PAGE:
Fear and Ozone at 14000 feet
- Submitted by: Pete Buckley, United Kingdom
- Website: http://www.easywayup.com
- Submission Date: 23rd Apr 2008
The deer and fawn stood in the roadside clearing a couple of yards from the line of the forest and about 10 yards from where I sat. The morning sun shone on their glossy coats as they took turns grazing the long grass and checking around for possible threats. The pair were quite aware of, and happy with my presence, so I was somewhat disconcerted when they simultaneously stood bolt upright in alarm and looked into the woods directly behind the rock on which I sat. I followed their gaze into the dark pines, and seeing nothing but shadows, turned back to the deer they had vanished a panic sprint into the forest.
Something had scared them off possibly even a bear or mountain lion. The only thing was, my route led into the woods exactly where whatever had scared the deer had been!
Putting aside thoughts of black bears and of pumas and cougars which one was it that lived around here now I headed off up the deserted trail into the forest. A ttacks on humans by bears or mountain lions are extremely rare in Colorado though its healthy respect to be aware of their presence. Little did I know however that later that morning I would face mortal danger from a completely different source.
The trail led me steadily upwards through the deep green of the pinewoods, occasional shafts of sunlight bringing colour to the forest floor and I began to enjoy the walk despite being conscious of the fact that I wasnt keen to meet whatever had scared the deer. I met no large predators however and presently emerged into the bright sunshine of a clearing in the forest which was followed by another and in a few more minutes, the timberline itself.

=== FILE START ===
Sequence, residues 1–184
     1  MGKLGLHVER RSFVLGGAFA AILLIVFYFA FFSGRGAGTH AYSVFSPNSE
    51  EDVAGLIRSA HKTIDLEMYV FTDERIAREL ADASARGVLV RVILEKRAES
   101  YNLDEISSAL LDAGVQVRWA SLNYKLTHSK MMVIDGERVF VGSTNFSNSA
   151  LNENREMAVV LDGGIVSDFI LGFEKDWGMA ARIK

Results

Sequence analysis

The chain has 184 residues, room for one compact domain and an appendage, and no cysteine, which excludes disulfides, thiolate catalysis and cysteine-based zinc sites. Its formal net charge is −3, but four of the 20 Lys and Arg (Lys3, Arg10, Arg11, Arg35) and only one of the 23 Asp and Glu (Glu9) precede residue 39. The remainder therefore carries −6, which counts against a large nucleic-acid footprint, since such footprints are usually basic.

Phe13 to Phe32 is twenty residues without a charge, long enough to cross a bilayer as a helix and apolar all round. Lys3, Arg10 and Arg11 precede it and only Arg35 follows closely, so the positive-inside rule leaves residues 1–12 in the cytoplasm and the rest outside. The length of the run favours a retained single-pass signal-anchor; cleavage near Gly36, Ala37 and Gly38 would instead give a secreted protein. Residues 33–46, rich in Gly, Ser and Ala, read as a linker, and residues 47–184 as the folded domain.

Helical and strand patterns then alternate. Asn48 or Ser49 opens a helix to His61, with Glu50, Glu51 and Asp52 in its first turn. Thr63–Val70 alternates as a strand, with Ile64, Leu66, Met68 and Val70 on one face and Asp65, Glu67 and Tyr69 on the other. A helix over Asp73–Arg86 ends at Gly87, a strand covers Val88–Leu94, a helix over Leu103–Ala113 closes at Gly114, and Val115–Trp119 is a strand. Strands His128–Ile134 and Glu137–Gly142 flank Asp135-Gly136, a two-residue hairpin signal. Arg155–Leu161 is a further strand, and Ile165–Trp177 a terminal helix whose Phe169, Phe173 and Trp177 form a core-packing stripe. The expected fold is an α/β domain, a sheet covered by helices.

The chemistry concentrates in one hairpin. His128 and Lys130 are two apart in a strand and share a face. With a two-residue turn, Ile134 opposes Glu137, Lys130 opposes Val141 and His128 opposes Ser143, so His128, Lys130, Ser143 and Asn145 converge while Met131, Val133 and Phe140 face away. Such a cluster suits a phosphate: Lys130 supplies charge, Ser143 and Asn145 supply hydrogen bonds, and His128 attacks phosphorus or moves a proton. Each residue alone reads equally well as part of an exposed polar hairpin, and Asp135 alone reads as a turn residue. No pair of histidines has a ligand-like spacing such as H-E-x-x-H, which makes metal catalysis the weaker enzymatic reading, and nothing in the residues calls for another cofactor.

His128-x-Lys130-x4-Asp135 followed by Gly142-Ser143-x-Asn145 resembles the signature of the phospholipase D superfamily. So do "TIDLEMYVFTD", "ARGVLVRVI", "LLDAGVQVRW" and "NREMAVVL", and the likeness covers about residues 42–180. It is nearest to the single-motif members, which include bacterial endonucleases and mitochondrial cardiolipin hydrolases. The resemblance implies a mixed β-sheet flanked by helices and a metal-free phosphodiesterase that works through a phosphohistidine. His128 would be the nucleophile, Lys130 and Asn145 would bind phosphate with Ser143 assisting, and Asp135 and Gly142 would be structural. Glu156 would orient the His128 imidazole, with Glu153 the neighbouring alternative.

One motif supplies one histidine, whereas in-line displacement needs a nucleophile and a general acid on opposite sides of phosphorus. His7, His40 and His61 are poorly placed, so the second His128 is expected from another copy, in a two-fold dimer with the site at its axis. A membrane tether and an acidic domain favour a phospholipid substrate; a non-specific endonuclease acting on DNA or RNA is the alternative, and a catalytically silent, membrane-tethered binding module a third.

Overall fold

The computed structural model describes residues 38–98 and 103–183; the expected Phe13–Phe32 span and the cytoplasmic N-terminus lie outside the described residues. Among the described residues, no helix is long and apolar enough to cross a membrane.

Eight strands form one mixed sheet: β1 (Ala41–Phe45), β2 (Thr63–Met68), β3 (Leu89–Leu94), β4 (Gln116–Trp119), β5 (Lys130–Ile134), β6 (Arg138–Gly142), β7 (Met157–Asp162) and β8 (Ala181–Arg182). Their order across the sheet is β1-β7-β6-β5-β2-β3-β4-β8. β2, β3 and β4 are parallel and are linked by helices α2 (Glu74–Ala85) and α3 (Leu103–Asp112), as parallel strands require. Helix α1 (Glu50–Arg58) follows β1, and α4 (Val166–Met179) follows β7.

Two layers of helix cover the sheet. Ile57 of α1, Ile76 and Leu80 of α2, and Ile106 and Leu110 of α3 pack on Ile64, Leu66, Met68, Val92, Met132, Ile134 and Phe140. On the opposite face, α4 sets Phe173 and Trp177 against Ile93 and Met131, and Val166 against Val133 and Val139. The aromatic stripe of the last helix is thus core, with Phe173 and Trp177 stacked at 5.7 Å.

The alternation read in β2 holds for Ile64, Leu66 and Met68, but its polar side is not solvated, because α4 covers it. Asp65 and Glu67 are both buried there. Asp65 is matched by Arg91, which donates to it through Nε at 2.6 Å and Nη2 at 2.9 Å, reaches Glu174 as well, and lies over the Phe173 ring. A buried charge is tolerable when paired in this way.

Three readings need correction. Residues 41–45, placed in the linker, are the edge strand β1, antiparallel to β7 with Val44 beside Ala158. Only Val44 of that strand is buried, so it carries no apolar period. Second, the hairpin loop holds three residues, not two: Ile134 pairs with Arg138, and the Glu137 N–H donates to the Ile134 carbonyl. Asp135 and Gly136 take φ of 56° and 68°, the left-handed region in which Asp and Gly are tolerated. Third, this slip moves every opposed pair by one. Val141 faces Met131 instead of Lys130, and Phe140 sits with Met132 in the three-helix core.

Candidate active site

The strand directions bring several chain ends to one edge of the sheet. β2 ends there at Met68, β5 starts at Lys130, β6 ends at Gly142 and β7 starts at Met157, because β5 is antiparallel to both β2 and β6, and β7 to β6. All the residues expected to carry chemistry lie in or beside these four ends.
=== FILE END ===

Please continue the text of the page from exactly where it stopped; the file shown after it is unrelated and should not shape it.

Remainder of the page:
Surmounting a small rise revealed an expansive vista of snow capped mountains surrounding the head of the valley to my left while straight ahead rose Quandary Peak an icy sentinel shining in the morning sun. I was surprised to see a young hiker approaching he must have been out early to be descending at this hour we had a brief conversation during which I asked him whether Id need an ice axe or not. Producing a sharp looking piece of stone from a pocket, his advice was to find a decent rock. I was impressed by his resourcefulness at using the rock instead of buying expensive kit. I have since made safe the descent of an icy slope in Wales with a well found rock having forgotten my axe. Stone Age technology indeed but it worked!
I continued my ascent as the trail climbed across a steep slope of grass and heather above a typical Alpine valley to my left. The Weather Channel had mentioned that thunderstorms were to be expected later over much of Colorado State so I made the ascent as quickly as I could manage on the heavily rationed oxygen up here and an hours hard labour saw me crossing a wide stony plateau at about 13000 feet. The summit rose steeply ahead and keeping to the left of the ridge close to the drop off to the valley, I began the scent of the snow. Thanks to the snow conditions - which were near perfect for kicking steps neither crampons nor for that matter Stone Age axes were needed for the ascent which became steeper as I climbed. The weather still appeared reasonably settled though there was more cloud now over the Mosquito Ranges to my right. Finally, and with the effort of a marathon runner completing that lap of the track that follows running the 26 miles and precedes collapsing on the ground, I reached the summit of my first fourteener.